The secret to contacting a company may lie in their MEDIA ROOM.
It’s no secret that I love the Internet. I remember the days of searching the World Book Encyclopedia for info or begging my dad to take me to the library so I could do research for my term papers. When I worked at the Arizona Daily Star newspaper library in the pre-Internet days, we used to get queries from the public on all kinds of random topics:
- How do you spell “Schwarzenegger”?
- Is Anthony Quinn really Greek?
- What was Mariel and Margaux Hemingway’s relationship to Ernest?
- What are the words to “Auld Lang Syne”?
- What are the names of the seven dwarfs?
Can you even imagine calling a newspaper library – or a library of any kind – to ask a question like that? In 2011, it seems ludicrous, but just 20 short years ago, it was actually a good idea. The #1 reason people use the Internet today is to search for information. All kinds of things, from job listings to the name of artist who wrote that song, to movie times, biographies of artists, both famous and obscure, reviews of smart phones and hundreds of thousands of other products, the number of calories burned during given activities, fast food menus, home remedies for burns, what to do when your cat keeps bringing dead birds into the house … the kinds of information you can find online are just about endless.
One excellent use for the Web is to do research on people or businesses with whom you want to connect. With the myriad social media platforms, people are slightly easier to research. Any smart, reputable company has a decent website with all manner of information about it. However, the one thing you may not be able to find on a company’s website is contact information for a particular individual, such as the PR or media relations person. Quite often, the email address available is one of those infernal info@ addresses that might occasionally be read by an intern and whose likelihood of being answered is unfortunately slim.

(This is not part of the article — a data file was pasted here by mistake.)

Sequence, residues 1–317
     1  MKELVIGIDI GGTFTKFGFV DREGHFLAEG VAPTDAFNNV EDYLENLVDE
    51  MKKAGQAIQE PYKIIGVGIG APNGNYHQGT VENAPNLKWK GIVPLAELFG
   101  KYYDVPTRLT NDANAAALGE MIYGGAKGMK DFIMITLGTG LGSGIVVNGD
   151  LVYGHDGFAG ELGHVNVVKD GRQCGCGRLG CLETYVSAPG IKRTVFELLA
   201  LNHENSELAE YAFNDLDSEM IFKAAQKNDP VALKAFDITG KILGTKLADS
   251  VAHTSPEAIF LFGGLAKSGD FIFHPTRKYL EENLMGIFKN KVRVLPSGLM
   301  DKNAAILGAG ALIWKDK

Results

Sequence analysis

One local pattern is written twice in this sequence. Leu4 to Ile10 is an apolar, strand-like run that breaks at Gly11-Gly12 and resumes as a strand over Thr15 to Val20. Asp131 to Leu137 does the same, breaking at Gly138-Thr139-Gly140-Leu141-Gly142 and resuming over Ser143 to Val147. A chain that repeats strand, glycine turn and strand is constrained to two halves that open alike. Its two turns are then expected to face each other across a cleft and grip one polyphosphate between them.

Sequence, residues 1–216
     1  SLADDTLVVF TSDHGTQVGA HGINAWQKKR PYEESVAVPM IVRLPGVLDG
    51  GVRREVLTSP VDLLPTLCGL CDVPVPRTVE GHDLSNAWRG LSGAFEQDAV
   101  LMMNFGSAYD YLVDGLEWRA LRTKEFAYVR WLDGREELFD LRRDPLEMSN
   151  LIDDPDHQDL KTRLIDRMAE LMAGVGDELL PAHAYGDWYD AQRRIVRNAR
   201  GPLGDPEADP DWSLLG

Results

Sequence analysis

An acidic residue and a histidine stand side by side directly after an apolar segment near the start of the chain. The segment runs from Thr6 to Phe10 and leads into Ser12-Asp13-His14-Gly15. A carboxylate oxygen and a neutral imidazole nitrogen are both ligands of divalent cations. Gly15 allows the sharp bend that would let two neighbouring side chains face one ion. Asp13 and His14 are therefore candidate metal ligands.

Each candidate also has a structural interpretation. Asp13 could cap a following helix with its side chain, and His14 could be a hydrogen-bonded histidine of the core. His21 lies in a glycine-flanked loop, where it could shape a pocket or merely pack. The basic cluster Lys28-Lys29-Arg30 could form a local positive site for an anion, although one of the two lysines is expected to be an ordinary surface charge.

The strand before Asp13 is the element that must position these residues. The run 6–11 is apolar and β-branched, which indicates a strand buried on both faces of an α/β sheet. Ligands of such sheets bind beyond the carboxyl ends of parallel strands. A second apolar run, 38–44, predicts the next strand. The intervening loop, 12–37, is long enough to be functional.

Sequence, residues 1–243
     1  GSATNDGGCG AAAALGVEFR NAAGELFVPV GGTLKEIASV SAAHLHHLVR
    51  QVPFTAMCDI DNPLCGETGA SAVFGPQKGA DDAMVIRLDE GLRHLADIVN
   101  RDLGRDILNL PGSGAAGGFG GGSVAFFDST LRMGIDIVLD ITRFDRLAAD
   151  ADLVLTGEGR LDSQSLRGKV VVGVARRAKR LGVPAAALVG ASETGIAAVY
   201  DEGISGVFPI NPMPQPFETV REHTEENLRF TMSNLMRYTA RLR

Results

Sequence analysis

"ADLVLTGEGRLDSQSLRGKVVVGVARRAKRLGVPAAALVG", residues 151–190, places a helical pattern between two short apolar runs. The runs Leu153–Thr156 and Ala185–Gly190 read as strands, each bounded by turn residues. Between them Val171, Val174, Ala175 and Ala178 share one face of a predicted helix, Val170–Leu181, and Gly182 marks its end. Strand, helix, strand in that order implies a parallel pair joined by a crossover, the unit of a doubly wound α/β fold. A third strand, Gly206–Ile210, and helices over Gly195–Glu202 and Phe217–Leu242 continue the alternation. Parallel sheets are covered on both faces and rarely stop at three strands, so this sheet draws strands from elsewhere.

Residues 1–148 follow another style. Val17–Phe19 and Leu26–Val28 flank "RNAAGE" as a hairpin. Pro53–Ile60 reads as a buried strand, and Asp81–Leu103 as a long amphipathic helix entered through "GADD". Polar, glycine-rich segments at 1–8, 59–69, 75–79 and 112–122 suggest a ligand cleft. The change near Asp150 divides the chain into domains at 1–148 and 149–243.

Say you’ve compiled an anthology of stories and witticisms from quilters of a bygone era, and you’re trying to make contact with a store like Hobby Lobby or Joanne ETC to pitch book signings and events in your area. How do you get around the gatekeeper or find contact info for a real person?
One idea is to find the company’s media room on their website. Posted there, you’re likely to find media releases the company has issued about its own news and events. And within that media release, you will likely find a nugget of gold: contact info for the company’s media relations person, usually a name, phone number, and e-mail address.
Now before you go contacting this individual, make sure you do your homework.
- If you will make a phone call, rehearse your pitch ahead of time.
- Be prepared to leave a message and, in the perhaps unlikely event that the person answers their phone, also be ready to speak to them live.
- If you will send an e-mail, double check your spelling – especially of the contact person’s name!
- Be brief and to the point in your pitch/query.
- Make sure to position your pitch in terms of how hosting your event or working with you will benefit the company.
Realize there are NO guarantees that this person will respond to your first query. Or your follow-up query, for that matter.You might also think about tapping into your social media network, particularly LinkedIn, to attempt to find another real name inside the company to whom you can reach out.
It took Greg Godek, author of 1,001 Ways to Be Romantic, more than 10 tries before he got through to Oprah and eventually became a guest on her show. If he can succeed with the queen of all media, YOU can succeed at getting through to the right person in a national chain of craft supply stores. Be creative, be thoughtful, be direct, and be succinct. Most importantly, be determined.
Please contact us if you’d like help putting together your media kit, media releases, or book proposal. Free 30-minute consultation when you mention this post ($99 value).
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